Article Abstract

Low prevalence of rheumatoid arthritis among patients with pre-existing type 2 diabetes mellitus

Authors: Anastasios Tentolouris, Anastasia Thanopoulou, Nikolaos Tentolouris, Ioanna Eleftheriadou, Christina Voulgari, Alexandros Andrianakos, Petros P. Sfikakis


Background: Type 2 diabetes mellitus (T2DM) is a non-autoimmune disease characterized by chronic hyperglycemia and increased non-enzymatic glycation of amino groups. Glycation occurs through a series of events eventually leading to the formation of irreversible “advanced glycation end-products” (AGEs). AGEs may affect the function of long-lived proteins, including cytokines, immunoglobulins and their receptors, resulting in a “less active” immune system. We aimed to test the hypothesis that a common inflammatory chronic disease, such as rheumatoid arthritis (RA), in which the earliest event is an inflammatory response to unknown stimulus, has a lower prevalence in these patients than in normoglycemic, non-diabetic subjects.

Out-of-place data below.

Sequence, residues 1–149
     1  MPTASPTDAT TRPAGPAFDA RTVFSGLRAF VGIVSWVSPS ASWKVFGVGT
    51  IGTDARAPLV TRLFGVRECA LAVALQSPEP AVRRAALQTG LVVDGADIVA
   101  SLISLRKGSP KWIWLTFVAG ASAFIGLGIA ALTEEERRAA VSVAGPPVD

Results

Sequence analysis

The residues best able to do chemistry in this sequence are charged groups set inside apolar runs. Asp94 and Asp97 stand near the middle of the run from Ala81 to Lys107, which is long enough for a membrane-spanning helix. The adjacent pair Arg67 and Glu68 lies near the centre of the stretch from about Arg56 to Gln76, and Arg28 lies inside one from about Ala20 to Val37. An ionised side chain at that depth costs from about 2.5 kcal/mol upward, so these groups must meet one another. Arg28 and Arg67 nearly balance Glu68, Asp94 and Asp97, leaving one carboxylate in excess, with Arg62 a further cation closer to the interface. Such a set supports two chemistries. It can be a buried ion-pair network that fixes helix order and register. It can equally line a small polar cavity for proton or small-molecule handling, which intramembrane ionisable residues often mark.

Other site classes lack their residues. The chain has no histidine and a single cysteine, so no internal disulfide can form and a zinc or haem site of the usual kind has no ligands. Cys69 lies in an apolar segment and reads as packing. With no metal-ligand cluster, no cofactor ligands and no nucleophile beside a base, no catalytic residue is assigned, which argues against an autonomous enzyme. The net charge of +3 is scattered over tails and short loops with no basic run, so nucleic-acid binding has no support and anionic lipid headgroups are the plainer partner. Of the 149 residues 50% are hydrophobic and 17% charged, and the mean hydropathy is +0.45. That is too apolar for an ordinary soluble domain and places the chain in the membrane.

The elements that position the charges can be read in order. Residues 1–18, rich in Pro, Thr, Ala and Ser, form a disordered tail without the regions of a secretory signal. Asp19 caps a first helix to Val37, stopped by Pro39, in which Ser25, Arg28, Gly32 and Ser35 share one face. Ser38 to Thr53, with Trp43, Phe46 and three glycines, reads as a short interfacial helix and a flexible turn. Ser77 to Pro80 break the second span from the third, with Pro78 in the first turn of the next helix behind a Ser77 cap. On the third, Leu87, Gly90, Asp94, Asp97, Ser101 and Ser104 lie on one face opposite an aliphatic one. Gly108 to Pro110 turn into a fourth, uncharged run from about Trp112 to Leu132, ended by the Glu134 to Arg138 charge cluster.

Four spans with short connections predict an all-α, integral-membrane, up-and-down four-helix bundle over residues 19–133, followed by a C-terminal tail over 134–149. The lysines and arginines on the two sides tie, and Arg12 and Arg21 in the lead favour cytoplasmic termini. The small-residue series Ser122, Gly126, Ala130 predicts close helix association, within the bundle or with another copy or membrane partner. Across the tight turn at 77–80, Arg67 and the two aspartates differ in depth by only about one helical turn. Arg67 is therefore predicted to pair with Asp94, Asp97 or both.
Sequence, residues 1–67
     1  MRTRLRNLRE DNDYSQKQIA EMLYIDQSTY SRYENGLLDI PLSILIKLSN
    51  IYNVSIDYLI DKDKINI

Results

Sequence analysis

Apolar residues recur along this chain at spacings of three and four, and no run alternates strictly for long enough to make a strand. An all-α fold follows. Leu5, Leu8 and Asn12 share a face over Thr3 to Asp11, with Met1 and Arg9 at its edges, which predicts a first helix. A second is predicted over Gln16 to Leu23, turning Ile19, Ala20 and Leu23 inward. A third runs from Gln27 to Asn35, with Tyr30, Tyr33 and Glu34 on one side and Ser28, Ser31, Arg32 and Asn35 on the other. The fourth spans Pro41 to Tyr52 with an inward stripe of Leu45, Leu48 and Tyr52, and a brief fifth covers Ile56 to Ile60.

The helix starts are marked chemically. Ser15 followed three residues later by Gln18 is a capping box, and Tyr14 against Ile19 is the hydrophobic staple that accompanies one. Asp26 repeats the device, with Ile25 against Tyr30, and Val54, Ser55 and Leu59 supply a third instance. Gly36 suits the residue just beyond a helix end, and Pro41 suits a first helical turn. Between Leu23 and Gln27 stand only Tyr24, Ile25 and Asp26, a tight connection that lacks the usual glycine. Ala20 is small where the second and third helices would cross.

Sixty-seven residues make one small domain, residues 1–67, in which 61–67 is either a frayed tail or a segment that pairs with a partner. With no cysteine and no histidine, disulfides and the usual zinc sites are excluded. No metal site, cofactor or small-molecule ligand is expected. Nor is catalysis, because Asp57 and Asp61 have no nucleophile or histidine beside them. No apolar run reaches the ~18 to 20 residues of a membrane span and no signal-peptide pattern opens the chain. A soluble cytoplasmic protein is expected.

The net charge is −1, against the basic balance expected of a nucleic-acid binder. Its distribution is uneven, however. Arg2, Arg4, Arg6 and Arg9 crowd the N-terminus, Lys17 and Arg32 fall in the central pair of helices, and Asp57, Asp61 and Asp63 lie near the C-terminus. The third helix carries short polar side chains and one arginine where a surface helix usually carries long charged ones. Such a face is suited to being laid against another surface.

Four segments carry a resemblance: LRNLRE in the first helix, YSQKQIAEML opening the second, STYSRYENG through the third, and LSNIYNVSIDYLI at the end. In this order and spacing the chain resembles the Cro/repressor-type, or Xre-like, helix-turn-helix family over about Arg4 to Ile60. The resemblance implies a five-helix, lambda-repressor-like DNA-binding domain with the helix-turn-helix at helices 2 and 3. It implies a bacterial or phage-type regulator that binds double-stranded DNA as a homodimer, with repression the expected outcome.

Methods: In this study, we compared the prevalence of RA in a prospectively followed outpatient cohort of patients with T2DM patients (n=1,630) with a control, matched, non-diabetic population (n=1,630).
Results: Among non-diabetic controls, 13 patients (prevalence 0.80%) with RA were identified. An almost 3-fold lower prevalence of RA (0.25%) was found in consecutive patients with T2DM (P=0.029). Most of the RA cases among participants with T2DM were diagnosed early after diabetes onset. The onset of RA in patients with T2DM occurred at significantly older age (64±15 years) as compared to the non-diabetes group (48±18 years; P=0.004).
Conclusions: The prevalence of RA is lower and occurs in an older age in patients with pre-existing T2DM in comparison with people without T2DM.